Articles from 2012
ExxonMobil German Shale
- Written by Nick Grealy
- Published: 11 February 2012
Simply put I can't be everywhere, and Germany is a place I wish I could put more resources. But in light of some trying to paint ExxonMobil's two non-commercial wells in Poland as harbinger of European shale doom, this from Exxon Mobil is instructive. The translation is far more fractured than the rocks, but this is the kind of news that should make it into English more often:
ExxonMobil expects natural gas to win by so-called "Fracking" in two years without the use of toxic substances. The CEO of ExxonMobil Central Europe, Gernot Kalkoffen said the "new Osnabrück newspaper", the company is currently trying to replace toxic substances with non-toxic.
The potential for Fracking controversial method is immense. So the U.S. is in a few years become one of the leading gas producer in the world. Even in Germany there are significant gas reserves that can be tapped.
Exploratory drilling in Lower Saxony
ExxonMobil is currently being explored in multiple locations in Lower Saxony and North Rhine-Westphalia opportunities for gas extraction. The Group is confident to avoid possible damage: During the past two years we have reduced the number of toxic ingredients used from seven to four. In two years will be entirely without toxins. To check ExxonMobil among others the use of UV light.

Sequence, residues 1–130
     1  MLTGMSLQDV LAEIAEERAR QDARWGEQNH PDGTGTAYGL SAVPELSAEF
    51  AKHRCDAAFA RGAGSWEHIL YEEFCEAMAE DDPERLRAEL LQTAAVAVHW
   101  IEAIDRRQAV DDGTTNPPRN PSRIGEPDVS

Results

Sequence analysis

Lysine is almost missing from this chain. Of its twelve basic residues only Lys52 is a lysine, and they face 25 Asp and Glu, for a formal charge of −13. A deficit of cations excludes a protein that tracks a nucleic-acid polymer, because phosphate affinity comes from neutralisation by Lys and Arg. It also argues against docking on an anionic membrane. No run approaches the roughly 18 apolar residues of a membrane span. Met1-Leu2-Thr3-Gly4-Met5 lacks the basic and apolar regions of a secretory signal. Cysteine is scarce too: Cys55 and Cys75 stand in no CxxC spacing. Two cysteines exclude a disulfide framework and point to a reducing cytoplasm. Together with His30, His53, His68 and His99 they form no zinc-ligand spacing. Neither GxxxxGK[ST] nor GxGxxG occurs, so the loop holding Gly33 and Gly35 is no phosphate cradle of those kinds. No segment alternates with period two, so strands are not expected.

What a surprise. Everyone flipping out all over Europe about the evil frack monsters and Poland and the UK congratulating themselves on being so ahead of the curve on shale. But someone forgot to tell the Germans. The Damme 3 well was fracked and here are the ingredients. Anyone die of poisoned water in Germany lately?
Fracktivists fall over themselves getting the most obscure examples of alleged US errors. But whether they happened or not will certainly be irrelevant 4 to 5 years off when European production starts in any serious volumes. Europe will leapfrog the US experience and move directly from today to a future of food based additives, recycled water and significantly reduced land use. Fracktivists can take some comfort in a remaining issue: Earthquake risk will remain as statistically unlikely as it is scientifically imperceptible.